Brilliant launch for shuttle Discovery

British-born astronaut Nick Patrick and his crewmates were woken from their first sleep in space by the Beatles today. Mission controllers at Houston played Here Comes The Sun over the shuttle Discovery’s radio at the start of a busy day for the team.

Launch of DiscoveryFellow astronaut Shannon Lucid, on the ground, said the song was picked to celebrate the brilliant night-time take-off of Mission STS-116 that lit up Florida on Saturday night – early today UK time.

She said: “We especially want to thank you for the burst of sunshine you brought into our lives last night. It was an awesome launch.”

Nick, 42, who was born at Saltburn, Teesside, later ran into problems when he extended a 50ft robot arm from the shuttle to inspect its heatshield for any damage.

The arm’s grip was failing to let go automatically but Nasa said Nick would be able to operate it manually by sending a few extra computer commands.

The examination, carried out to prevent a repeat of the Columbia disaster in 2003, was begun as the shuttle headed for its rendezvous tomorrow with the International Space Station, 220 miles above the Earth.

When Discovery reached orbit, space station commander Mike Lopez-Alegria called Houston and quipped: “We’re going to turn our porch light on so they can find us.”

Also on the 12-day mission to continue building the station is Sweden’s first astronaut, Christer Fuglesang of the European Space Agency. The rest of the crew are Commander Mark Polansky, Pilot Bill Oefelein and mission specialists Bob Curbeam, Joan Higginbotham and Sunita Williams.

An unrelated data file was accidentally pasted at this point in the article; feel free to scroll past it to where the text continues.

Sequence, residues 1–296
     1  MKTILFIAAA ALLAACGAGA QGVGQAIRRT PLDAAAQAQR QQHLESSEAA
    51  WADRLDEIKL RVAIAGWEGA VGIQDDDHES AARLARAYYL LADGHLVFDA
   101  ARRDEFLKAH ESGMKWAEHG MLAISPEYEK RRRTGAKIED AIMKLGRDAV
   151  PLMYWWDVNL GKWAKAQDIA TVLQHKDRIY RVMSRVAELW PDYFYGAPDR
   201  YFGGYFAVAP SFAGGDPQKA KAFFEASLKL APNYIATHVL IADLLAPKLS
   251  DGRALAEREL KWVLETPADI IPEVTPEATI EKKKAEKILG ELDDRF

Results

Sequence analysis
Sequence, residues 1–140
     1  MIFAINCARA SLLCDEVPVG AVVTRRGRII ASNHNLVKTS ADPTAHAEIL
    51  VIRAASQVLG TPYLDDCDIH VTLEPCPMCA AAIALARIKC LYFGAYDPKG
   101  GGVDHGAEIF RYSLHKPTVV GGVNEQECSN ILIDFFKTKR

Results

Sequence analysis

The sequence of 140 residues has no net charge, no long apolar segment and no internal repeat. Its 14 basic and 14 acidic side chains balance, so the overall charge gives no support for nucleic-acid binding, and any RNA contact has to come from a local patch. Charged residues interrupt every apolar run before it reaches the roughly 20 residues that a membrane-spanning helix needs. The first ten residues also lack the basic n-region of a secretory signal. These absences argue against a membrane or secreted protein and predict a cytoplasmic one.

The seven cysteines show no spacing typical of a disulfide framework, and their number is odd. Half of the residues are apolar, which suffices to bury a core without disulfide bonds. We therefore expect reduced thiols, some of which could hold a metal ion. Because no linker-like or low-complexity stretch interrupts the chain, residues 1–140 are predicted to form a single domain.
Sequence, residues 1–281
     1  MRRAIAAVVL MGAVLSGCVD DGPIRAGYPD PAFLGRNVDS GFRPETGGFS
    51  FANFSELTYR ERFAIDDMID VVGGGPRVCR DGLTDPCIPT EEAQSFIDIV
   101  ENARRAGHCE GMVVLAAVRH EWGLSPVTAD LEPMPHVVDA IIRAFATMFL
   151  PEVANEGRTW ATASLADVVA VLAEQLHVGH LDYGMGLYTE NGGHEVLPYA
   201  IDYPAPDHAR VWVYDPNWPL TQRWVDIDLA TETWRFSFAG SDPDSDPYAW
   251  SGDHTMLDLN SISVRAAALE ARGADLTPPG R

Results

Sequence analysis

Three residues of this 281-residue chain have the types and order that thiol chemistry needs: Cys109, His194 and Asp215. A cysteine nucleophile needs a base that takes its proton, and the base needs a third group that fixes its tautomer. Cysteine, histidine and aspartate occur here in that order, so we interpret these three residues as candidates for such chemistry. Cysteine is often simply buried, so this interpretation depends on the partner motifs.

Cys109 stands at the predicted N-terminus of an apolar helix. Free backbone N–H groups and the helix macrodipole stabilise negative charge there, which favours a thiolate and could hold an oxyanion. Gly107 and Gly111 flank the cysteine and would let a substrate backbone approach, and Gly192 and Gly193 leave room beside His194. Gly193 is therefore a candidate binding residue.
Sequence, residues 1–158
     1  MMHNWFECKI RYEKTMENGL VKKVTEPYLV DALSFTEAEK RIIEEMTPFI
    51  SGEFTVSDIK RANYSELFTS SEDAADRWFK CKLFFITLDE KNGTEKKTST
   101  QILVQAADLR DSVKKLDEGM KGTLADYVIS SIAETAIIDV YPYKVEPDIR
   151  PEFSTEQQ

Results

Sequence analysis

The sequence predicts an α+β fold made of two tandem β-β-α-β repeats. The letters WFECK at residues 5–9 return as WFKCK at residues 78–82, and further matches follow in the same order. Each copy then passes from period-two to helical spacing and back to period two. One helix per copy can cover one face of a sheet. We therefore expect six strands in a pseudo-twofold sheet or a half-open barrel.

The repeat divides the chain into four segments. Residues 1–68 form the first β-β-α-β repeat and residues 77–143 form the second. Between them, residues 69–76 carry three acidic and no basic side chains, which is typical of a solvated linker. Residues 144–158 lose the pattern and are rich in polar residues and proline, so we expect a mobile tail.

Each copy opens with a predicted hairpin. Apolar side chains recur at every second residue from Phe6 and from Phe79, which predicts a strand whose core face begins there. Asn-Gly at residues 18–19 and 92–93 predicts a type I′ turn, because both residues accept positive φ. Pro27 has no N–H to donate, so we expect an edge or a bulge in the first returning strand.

A German astronaut, Thomas Reiter, will fly home on the shuttle after a six-month stay in space, to be replaced by Williams.

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Paul Sutherland

Paul Sutherland

I have been a professional journalist for nearly 40 years. I write regularly for science magazines including BBC Sky at Night magazine, BBC Focus, Astronomy Now and Popular Astronomy. I have also authored three books on astronomy and contributed to others.
Paul Sutherland

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Paul Sutherland

I have been a professional journalist for nearly 40 years. I write regularly for science magazines including BBC Sky at Night magazine, BBC Focus, Astronomy Now and Popular Astronomy. I have also authored three books on astronomy and contributed to others.

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